Out of all your achievements throughout your career, which has meant the most to you?

That’s a hard one. First of all, to be acknowledged in this business is a profound honour. I’ve been very lucky with a Tony, an Oscar and a Bafta. The CBE, I’m most proud of I think. I’m a big royalist. I’m so happy about the royal wedding next year, I can’t see straight! It means a lot to me to be acknowledged for my charity work.

You were awarded a CBE in 2011 for your services to charity and the film industry, did you realise the impact your charitable work would have?

I believe that you do don’t do it for recognition. It was always taught to me that you don’t give to receive, but to be given a CBE was extremely humbling. What I do know is that ‘celebrity’ can help raise a bucketful of money and provide awareness. If my voice lends to that, then I’m all for it. That’s the least I can do to pay back for some of the wonderful moments I’ve had in my life.

Do you think there needs to be greater female empowerment in Hollywood, to bridge the equality gap between women and men?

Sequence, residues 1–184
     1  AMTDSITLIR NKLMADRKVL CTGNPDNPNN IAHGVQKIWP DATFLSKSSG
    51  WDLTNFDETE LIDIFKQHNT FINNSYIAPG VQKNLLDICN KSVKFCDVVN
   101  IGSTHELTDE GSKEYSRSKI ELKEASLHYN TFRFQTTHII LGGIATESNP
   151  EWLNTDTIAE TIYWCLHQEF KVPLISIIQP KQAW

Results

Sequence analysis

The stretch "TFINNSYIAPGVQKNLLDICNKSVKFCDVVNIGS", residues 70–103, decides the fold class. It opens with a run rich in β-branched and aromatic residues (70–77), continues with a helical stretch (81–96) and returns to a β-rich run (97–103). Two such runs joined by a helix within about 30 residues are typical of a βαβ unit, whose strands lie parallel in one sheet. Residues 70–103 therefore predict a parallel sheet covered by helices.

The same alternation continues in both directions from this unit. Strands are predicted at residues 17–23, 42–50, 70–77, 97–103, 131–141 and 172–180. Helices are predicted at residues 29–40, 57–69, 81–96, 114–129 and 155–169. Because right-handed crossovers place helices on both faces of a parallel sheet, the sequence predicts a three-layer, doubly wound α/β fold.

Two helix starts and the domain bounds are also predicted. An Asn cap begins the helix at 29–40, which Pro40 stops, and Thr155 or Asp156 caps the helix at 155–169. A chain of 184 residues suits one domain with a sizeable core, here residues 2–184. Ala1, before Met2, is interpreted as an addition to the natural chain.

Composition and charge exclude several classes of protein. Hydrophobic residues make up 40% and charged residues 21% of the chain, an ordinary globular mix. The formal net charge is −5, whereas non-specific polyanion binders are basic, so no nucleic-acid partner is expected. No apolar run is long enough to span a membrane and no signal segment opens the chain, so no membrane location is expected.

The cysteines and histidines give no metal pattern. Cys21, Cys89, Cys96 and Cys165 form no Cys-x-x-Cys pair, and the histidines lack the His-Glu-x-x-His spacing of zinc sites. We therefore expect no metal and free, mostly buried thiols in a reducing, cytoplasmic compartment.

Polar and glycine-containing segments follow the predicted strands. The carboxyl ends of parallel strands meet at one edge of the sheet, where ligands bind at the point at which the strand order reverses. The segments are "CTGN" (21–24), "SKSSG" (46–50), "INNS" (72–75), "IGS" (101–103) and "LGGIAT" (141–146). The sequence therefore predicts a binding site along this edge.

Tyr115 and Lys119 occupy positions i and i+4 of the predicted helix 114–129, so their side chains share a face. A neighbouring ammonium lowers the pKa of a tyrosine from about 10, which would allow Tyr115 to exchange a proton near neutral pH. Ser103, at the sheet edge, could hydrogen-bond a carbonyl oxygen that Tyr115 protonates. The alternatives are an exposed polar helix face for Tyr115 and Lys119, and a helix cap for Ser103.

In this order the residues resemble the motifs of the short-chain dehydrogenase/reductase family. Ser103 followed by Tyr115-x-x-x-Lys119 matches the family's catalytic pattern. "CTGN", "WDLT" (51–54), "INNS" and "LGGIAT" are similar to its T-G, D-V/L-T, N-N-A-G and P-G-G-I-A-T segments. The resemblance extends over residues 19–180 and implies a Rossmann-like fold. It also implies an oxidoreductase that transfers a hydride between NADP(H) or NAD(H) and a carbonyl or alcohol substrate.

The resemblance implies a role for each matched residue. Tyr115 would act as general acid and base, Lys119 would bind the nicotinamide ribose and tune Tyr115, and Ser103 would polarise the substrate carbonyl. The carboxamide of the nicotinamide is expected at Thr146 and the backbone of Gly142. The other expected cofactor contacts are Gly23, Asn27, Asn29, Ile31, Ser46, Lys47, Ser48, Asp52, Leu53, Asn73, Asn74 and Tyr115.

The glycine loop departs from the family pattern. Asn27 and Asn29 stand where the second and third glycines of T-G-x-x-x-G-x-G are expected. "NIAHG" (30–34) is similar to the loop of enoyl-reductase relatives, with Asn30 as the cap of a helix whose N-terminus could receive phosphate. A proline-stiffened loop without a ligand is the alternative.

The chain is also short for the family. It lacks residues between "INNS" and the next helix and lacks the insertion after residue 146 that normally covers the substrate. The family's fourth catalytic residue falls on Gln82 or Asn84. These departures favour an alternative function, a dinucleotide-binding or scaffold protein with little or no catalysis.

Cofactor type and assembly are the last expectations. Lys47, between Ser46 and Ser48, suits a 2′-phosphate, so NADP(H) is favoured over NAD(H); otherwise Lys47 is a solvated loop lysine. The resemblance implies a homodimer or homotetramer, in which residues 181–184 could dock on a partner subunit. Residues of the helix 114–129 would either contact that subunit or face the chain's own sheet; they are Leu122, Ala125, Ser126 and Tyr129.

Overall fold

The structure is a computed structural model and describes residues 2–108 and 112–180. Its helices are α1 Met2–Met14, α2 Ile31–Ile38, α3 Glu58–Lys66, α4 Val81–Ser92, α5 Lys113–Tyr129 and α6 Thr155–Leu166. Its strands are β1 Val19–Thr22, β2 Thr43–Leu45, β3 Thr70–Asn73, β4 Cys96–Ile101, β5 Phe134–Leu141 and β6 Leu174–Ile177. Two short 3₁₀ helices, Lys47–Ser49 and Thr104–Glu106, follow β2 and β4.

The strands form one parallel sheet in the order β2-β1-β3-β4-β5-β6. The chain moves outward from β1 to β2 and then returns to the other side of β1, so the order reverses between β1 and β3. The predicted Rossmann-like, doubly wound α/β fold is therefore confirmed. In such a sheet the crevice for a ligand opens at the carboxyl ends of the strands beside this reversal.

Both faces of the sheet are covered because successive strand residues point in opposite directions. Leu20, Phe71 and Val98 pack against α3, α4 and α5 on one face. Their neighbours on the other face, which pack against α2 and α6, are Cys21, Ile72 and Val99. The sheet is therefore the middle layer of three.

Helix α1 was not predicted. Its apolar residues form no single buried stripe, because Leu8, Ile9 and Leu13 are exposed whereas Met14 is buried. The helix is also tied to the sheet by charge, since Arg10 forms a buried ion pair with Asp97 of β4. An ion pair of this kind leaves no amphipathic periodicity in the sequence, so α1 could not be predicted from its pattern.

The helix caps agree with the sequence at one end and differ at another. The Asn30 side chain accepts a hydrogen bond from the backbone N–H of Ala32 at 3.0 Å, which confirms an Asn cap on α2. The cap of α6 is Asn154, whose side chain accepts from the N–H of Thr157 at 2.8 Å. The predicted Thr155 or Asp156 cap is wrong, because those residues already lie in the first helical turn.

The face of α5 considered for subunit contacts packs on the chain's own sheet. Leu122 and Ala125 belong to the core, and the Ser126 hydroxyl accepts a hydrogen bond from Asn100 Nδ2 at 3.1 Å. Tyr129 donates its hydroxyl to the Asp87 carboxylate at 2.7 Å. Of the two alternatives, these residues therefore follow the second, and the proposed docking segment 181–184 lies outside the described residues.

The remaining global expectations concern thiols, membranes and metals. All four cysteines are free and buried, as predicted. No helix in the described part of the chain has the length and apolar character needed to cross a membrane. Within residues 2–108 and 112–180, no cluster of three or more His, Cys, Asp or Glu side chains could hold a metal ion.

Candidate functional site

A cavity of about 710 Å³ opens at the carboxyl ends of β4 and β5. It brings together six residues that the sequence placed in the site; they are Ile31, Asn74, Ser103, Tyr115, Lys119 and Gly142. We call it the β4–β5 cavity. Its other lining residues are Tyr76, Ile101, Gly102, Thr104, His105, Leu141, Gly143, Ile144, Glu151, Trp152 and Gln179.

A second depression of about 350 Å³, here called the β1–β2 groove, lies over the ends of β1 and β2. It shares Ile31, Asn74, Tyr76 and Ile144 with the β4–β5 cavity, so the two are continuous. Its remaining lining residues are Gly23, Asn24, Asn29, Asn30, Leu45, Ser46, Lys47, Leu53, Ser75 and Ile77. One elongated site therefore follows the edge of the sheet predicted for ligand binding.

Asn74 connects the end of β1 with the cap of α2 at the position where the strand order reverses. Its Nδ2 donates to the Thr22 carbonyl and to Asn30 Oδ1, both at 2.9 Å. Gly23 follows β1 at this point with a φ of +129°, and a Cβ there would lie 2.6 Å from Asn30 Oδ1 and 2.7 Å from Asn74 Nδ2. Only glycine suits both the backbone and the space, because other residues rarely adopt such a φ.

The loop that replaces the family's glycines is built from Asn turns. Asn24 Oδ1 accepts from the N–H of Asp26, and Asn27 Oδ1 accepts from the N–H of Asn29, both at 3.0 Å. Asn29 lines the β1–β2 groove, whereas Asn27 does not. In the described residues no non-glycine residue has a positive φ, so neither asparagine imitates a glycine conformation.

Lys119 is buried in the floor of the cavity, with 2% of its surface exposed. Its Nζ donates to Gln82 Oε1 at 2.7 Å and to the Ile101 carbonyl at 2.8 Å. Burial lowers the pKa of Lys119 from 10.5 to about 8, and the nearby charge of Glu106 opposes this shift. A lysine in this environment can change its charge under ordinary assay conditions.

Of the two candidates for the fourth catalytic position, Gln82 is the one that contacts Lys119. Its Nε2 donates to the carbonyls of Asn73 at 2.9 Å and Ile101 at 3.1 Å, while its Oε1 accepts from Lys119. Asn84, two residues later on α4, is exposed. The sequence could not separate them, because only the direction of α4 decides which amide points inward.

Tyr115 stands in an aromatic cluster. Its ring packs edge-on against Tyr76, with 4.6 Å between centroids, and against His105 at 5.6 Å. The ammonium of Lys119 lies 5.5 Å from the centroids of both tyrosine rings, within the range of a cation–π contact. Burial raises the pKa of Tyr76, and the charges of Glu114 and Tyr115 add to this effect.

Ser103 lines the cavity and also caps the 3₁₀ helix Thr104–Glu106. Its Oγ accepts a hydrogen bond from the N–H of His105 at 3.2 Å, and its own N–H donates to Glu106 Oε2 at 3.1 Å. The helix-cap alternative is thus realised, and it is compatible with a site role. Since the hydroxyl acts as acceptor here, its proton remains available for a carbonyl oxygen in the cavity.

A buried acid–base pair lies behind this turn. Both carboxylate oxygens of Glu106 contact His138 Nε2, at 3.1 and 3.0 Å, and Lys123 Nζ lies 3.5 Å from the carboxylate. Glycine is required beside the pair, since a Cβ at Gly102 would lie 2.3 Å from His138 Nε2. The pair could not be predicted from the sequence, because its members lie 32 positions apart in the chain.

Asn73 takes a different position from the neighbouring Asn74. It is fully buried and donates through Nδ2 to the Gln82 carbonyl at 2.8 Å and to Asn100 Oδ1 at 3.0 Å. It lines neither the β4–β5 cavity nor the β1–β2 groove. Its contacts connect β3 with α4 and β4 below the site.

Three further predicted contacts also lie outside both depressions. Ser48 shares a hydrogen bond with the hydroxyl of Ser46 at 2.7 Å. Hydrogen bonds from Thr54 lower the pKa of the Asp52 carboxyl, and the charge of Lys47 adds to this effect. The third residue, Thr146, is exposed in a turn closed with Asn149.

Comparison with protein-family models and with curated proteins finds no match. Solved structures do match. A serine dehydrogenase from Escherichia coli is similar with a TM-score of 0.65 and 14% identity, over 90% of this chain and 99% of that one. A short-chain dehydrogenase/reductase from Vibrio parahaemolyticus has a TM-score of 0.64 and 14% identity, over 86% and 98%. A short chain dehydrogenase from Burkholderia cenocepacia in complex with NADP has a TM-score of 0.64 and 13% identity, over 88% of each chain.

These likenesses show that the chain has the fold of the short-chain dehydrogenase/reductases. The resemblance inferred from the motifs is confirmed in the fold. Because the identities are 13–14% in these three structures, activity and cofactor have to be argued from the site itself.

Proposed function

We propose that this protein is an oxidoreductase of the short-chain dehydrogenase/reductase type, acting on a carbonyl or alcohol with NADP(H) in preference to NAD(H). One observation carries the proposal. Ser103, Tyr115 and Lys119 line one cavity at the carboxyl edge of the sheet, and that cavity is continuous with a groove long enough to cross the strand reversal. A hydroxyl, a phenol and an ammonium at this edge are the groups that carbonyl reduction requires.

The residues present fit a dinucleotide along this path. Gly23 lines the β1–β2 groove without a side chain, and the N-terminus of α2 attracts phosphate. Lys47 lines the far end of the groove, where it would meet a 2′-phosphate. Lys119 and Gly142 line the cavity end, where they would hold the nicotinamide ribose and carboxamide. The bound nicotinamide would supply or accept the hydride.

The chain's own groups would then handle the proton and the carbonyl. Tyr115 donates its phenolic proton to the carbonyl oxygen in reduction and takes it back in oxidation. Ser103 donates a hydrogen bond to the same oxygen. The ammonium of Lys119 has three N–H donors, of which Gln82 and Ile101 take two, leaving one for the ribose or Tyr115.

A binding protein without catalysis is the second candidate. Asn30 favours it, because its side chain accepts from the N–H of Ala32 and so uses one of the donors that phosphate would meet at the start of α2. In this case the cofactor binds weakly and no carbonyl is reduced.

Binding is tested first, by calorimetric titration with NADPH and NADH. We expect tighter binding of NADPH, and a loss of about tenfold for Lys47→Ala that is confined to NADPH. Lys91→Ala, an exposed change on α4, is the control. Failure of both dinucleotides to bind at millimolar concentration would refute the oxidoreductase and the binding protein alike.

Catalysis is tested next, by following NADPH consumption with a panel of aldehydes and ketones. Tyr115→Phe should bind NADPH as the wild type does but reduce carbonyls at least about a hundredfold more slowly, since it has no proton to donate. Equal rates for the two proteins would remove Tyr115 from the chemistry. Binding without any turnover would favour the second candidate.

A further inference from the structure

Yes. I think the events that have happened recently, the so-called ‘culling’ of the bad guys, is well overdue. However, I want to make sure everyone knows that this is not just a movie industry problem, ‘celebrity’ just makes it bigger and more salacious. This happens everywhere. When we’re talking about the real abuse of power in these industries, one hopes that this is a real turning point. There’s nobody too big to fail. There’s nobody too powerful to get away with this. There has to be equality, be it sexual, political or in the workplace. It’s hard to believe that it’s 2017 and these things still go on. It blows my mind. I hope this helps women to breach the fear factor of holding onto secrets. It’s the secrets that make us sick.

Is there any actor or actress, dead or alive, that you would like to work with?

Richard Burton, on stage and in film. When I was growing up, Richard Burton and Elizabeth Taylor were my Hollywood royalty fantasy. Even though I never met Richard, and I know Kate Burton now, I felt like he was part of my family and that I was part of his tribe. I really believe that I came from where both Richard Burton and Anthony Hopkins came from.

I would have loved to have worked with Richard Burton, who I consider one of the best actors to come out of not just Wales, but out of the world. I would just like to be in a room, on a set, on a stage in a theatre in front of an audience with him.

You recently launched your first home collection, ‘Casa Zeta-Jones’ on QVC, where does your passion for interior design come from?